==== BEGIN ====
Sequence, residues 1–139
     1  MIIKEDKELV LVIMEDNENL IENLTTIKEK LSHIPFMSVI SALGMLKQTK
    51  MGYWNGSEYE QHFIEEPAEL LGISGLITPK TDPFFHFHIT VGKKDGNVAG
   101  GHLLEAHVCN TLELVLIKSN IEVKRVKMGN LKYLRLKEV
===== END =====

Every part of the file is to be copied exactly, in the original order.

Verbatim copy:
Sequence, residues 1–139
     1  MIIKEDKELV LVIMEDNENL IENLTTIKEK LSHIPFMSVI SALGMLKQTK
    51  MGYWNGSEYE QHFIEEPAEL LGISGLITPK TDPFFHFHIT VGKKDGNVAG
   101  GHLLEAHVCN TLELVLIKSN IEVKRVKMGN LKYLRLKEV